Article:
What is precept and practice clinging?

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What is precept and practice clinging?

Postby SarathW » Thu Dec 20, 2012 6:22 am

Can some one explain this?

Please see the follwing attahcemnt for the source;

http://www.accesstoinsight.org/tipitaka ... .than.html
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Re: What is precept and practice clinging?

Postby Ben » Thu Dec 20, 2012 7:02 am

Greetings,
Otherwise translated as clinging to rules and vows or clinging to rites and rituals.
Its the attachment some religious people have to particular rites and rituals believing that in practicing them, they are liberated.
Such as baptism, confirmation, confession, and last rites within the Catholic tradition.
kind regards,

Ben
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Re: What is precept and practice clinging?

Postby SarathW » Mon Dec 24, 2012 12:54 am

Thanks Ben
Should this include clinging to Dhamma as well?
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Re: What is precept and practice clinging?

Postby Cittasanto » Mon Dec 24, 2012 1:07 am

SarathW wrote:Thanks Ben
Should this include clinging to Dhamma as well?

Personally I would say no.
I liken it to superstitions like not walking under a ladder habitually with the thought that it is benefiscial, or other actions trying to get a desired aim which it has no guarantee or hope of achieving like bathing to purify kamma.
This offering maybe right, or wrong, but it is one, the other, both, or neither!
With Metta
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"Others will misconstrue reality due to their personal perspectives, doggedly holding onto and not easily discarding them; We shall not misconstrue reality due to our own personal perspectives, nor doggedly holding onto them, but will discard them easily. This effacement shall be done."
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Re: What is precept and practice clinging?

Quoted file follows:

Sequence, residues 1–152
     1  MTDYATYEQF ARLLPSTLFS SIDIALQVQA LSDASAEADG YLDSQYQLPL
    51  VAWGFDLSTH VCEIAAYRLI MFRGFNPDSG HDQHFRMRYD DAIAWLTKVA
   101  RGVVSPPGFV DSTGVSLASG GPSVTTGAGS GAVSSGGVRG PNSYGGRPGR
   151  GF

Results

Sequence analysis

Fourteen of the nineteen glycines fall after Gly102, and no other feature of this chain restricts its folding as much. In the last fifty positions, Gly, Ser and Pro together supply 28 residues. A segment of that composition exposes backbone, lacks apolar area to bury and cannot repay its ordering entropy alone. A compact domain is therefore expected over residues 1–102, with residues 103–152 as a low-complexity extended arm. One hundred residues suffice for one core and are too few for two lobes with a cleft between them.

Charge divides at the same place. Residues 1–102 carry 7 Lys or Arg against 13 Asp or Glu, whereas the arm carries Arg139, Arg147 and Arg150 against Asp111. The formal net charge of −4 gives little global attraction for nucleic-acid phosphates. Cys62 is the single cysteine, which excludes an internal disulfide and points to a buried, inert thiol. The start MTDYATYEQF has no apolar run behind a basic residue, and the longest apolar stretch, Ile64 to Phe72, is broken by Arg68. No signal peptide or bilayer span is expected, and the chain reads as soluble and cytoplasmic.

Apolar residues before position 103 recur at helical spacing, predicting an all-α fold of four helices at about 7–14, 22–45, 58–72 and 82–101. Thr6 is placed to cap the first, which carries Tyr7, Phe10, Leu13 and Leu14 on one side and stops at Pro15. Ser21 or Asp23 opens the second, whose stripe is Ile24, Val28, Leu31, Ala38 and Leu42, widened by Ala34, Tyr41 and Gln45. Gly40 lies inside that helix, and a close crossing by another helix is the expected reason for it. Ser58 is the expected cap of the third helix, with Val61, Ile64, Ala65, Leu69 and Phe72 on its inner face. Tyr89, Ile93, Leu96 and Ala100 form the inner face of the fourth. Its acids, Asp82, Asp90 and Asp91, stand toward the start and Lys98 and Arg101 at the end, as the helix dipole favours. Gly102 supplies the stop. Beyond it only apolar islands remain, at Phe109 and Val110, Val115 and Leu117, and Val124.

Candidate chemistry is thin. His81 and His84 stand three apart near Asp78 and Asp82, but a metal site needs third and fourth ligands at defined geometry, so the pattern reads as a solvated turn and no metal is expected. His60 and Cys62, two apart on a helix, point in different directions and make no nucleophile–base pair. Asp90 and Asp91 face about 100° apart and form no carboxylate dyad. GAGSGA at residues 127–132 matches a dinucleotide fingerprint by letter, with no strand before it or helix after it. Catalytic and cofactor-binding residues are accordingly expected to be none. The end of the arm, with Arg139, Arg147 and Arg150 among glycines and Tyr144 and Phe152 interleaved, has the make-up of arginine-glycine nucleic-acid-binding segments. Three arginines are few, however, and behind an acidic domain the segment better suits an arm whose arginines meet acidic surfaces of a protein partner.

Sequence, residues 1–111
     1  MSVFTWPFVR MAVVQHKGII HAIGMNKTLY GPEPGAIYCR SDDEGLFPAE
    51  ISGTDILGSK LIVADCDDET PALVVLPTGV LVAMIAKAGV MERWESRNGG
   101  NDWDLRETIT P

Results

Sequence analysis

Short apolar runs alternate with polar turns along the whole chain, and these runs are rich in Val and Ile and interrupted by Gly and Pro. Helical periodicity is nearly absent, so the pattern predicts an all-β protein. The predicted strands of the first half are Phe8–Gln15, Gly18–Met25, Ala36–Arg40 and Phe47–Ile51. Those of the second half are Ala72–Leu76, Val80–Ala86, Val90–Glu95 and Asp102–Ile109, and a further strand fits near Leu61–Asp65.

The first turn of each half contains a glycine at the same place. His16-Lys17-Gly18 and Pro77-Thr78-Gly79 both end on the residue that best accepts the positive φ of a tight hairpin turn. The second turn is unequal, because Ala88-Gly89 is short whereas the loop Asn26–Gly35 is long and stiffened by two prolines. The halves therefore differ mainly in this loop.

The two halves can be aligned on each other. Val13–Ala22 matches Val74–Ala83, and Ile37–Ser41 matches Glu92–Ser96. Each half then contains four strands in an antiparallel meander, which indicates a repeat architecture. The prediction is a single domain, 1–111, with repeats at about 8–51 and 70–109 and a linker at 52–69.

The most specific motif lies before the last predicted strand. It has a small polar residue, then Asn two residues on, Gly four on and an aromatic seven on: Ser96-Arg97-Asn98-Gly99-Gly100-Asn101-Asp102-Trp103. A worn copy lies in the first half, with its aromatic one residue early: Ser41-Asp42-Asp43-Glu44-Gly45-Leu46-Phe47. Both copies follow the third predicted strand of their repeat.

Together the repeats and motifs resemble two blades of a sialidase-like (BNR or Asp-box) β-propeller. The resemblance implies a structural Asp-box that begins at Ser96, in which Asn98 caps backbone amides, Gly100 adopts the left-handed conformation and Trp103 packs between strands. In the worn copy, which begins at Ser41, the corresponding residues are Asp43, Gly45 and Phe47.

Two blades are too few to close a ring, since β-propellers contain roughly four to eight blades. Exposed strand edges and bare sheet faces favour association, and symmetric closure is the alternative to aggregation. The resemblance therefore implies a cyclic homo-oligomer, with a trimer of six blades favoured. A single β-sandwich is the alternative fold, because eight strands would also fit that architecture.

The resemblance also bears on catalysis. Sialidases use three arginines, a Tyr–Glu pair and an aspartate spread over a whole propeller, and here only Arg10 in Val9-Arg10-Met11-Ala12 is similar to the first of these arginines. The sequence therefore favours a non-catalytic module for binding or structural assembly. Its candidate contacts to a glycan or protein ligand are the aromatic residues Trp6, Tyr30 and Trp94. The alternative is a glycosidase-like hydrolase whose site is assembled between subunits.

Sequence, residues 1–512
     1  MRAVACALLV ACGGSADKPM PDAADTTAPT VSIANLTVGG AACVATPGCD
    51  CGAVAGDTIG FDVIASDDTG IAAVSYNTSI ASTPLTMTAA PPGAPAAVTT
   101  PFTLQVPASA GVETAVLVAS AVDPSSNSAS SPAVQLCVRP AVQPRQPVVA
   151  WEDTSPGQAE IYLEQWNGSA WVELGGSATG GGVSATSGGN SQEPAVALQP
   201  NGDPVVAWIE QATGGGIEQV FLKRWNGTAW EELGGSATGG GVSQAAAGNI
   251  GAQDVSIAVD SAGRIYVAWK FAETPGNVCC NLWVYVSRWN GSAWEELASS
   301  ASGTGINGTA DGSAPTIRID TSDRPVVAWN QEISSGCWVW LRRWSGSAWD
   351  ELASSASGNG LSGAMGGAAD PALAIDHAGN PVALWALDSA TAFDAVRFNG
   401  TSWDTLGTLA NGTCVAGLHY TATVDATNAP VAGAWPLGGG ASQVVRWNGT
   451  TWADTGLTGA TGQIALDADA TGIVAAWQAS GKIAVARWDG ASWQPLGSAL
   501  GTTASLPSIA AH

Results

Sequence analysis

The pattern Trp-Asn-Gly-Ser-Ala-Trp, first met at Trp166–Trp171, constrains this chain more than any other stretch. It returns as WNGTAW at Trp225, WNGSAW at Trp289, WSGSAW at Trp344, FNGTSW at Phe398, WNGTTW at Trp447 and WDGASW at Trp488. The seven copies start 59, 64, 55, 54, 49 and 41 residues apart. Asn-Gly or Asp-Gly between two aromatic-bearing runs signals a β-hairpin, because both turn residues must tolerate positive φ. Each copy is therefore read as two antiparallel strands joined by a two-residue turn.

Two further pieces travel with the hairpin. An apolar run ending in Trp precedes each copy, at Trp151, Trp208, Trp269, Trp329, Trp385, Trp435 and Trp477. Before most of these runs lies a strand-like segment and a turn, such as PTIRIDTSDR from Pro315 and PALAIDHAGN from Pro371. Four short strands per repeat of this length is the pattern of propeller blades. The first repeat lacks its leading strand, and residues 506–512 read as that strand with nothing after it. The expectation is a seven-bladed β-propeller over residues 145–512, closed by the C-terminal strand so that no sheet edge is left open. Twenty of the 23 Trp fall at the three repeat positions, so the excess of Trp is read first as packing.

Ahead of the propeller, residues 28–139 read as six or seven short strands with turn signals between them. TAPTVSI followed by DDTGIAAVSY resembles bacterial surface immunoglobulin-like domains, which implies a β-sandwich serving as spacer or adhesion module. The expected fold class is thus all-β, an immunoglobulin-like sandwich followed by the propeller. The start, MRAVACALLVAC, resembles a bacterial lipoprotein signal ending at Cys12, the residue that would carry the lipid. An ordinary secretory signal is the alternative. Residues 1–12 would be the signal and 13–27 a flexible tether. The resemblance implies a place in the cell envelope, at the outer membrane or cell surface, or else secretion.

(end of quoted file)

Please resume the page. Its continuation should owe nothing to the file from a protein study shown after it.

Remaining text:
Postby Ben » Mon Dec 24, 2012 2:56 am

Hi Sarath,
SarathW wrote:Thanks Ben
Should this include clinging to Dhamma as well?

The Dhamma, when properly practiced, reduces our tendency to cling. The Dhamma, when practiced, leads us from aversion, craving and ignorance.

However, sometimes we something like clinging to the Dhamma when we encounter people who are very attached to particular views regarding their interpretation of the Dhamma. We see that from time to time with some individuals who have such a deep attachment to their own interpretation of the Dhamma that they will not countenance a differing point of view.
with metta,

Ben
"One cannot step twice into the same river, nor can one grasp any mortal substance in a stable condition, but it scatters and again gathers; it forms and dissolves, and approaches and departs."

- Hereclitus


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Re: What is precept and practice clinging?

Postby SarathW » Fri Sep 05, 2014 8:39 am

An interesting Sutta relating to OP:

When — by following a life of precept & practice, a life, a holy life that is followed as of essential worth — one's unskillful mental qualities increase while one's skillful mental qualities decline: that sort of precept & practice, life, holy life that is followed as of essential worth is fruitless. But when — by following a life of precept & practice, a life, a holy life that is followed as of essential worth — one's unskillful mental qualities decline while one's skillful mental qualities increase: that sort of precept & practice, life, holy life that is followed as of essential worth is fruitful

http://www.accesstoinsight.org/tipitaka ... .than.html
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Re: What is precept and practice clinging?

Postby Sam Vara » Sat Sep 06, 2014 3:56 pm

I have often seen this type of clinging (silabbata-paramasa) described as an attachment to practices which are believed to be supernaturally effective in themselves, and which require the addition of no further effort for the practitioner to achieve liberation. The type of religious or magical practices described by above by Ben, for example. This is certainly true, but it might be worth considering whether the notion can be broadened a bit.

I have heard monks describe it as any type of clinging to personal practices which one believes to be effective. The type of thinking along the lines of "If I can just get to two long retreats a year, I'll continue to make progress...", or "I've got to get eight hours sleep a night, and make sure I avoid sugar, and aggressive people, and then I'll be OK". Along these lines, Ajahn Thanissaro talks of
clinging to precepts and practices — i.e., fixed ways of doing things

as opposed to an attachment to practices which are supernaturally effective.
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Re: What is precept and practice clinging?

Postby theend » Sat Sep 06, 2014 4:17 pm

Sam Vara wrote:[...] but it might be worth considering whether the notion can be broadened a bit.

Yes, after all it's one of the fetters which a puthujjana cannot avoid having.
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